Choosing a Major

Some students start college knowing exactly what they’d like to major in. Others don’t know what to major in, or have a career goal but no knowledge of what majors will get them there. Most find themselves switching majors during college. Here are some tips, no matter where you fall in this range.


What is a college major?

Students are required to major in a specific academic subject (or professional field) to demonstrate sustained, high-level work in one field. Depending on the college, a student might major in two fields, have a major and a minor, or even create their own major.


When should a student declare a major?

At most colleges, students aren’t required to declare a major until the end of their sophomore year. In a two-year degree program, the student will probably select a major at the start because their course of studies is much shorter.

How does a student choose?

First and second-year students usually take more general courses while they try and decide on a major. After this initial “shopping” period, coursework becomes more focused and specific. Make sure that genuine interest is there, though. A student should not choose a major by process of elimination — that could take a while. Students should take courses in things that appeal to them, then try and focus on a subject that will interest and motivate them. Students will do better, and the motivation can continue through college and into a job.


What if a student wants to go to grad school?

If a student thinks that law school, medical school, or grad school is in their future, some schools offer pre-professional majors (such as pre-med or pre-law). Most advisers suggest declaring a “normal” major unless the student is set on their plans after college. As long as a student fulfills a grad school’s course requirements, it really doesn’t matter what the student majors in.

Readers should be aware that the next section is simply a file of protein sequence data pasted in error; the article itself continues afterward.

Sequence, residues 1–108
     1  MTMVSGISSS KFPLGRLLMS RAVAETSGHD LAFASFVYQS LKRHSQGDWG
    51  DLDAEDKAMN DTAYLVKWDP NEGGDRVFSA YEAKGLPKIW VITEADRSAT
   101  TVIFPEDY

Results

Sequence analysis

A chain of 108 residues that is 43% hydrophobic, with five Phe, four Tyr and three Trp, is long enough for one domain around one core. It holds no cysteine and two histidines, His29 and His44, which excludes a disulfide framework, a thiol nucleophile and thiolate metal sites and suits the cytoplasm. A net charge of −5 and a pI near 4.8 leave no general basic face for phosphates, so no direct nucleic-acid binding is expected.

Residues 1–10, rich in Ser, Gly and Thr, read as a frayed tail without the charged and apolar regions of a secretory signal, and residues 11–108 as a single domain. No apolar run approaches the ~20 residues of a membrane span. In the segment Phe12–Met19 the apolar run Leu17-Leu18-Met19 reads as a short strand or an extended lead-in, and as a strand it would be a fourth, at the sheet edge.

Does my major dictate my profession?

Sometimes. If a student want to specialize in something like nursing, accounting, or engineering, then the student is learning a specific trade and will likely continue with that. Most majors, however, prepare a student for a range of things that they will be trained to handle once they graduate. For most students, picking a college is not the same as picking a career. It will be up to the student to go with what the like.




Helpful Websites:

  • White YouTube Icon
  • White Instagram Icon

© Copyright 2020 by

Eagle's View Academy. 

Tel: 904-786-1411

Fax: 904-786-1445



7788 Ramona Blvd W.

Jacksonville, FL 32221

Eagle’s View Academy admits students of any race, color, national origin or ethnicity to all the rights, privileges, programs and activities generally accorded or made available to students at the academy.  It does not discriminate on the basis of race, color, national origin or ethnicity in the administration of its admissions policies, educational policies, scholarships and loan programs, or athletic and other school-administered programs.

Professional Misconduct 

All employees and agents of a public school district, charter school, or private school have an obligation and legal responsibility to report misconduct by instructional personnel and school administrators which affects the health, safety, or welfare of a student. Failure to report misconduct may result in penalties up to termination of employment and revocation of an educator's certificate. Such misconduct may include, but is not limited to, obscene language, drug and alcohol abuse, disparaging comments, prejudice or bigotry, sexual innuendo, cheating or testing violations, physical aggression, and accepting or offering favors.  All incidents of professional misconduct should be reported to:Josh Sheetz,School Administrator, at 904-786-1411 Extension 114

If someone tells you about misconduct, be a LEADER: Listen, Evaluate, Act immediately, Document, Encourage, and Report.

Professional Ethics Standards
In accord with the Florida Ethics in Education Act, all employees of Eagle’s View Academy have a duty to report all suspected or actual cases of child abuse, abandonment, or neglect; have immunity from liability if they report such cases in good faith and have a duty to comply with child protective investigations. There is a legal penalty for not reporting suspected or alleged child abuse or alleged misconduct by instructional personnel or school administrators. The Florida Abuse Hotline is 1.800.962.2873. The EVA contact is the School Administrator’s Office – Josh Sheetz.